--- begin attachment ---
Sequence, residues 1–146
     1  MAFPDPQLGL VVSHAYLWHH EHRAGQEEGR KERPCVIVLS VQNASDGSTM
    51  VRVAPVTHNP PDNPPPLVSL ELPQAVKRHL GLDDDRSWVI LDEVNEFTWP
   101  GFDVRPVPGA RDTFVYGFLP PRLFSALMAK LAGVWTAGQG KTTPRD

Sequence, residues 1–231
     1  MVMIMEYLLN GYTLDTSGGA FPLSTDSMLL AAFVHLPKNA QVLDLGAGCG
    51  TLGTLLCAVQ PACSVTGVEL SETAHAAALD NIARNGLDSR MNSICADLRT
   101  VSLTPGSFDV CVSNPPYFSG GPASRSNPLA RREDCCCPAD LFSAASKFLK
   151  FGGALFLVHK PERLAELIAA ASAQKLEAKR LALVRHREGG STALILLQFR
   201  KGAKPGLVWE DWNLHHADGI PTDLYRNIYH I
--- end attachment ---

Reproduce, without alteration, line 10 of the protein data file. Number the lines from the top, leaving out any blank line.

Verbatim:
   201  KGAKPGLVWE DWNLHHADGI PTDLYRNIYH I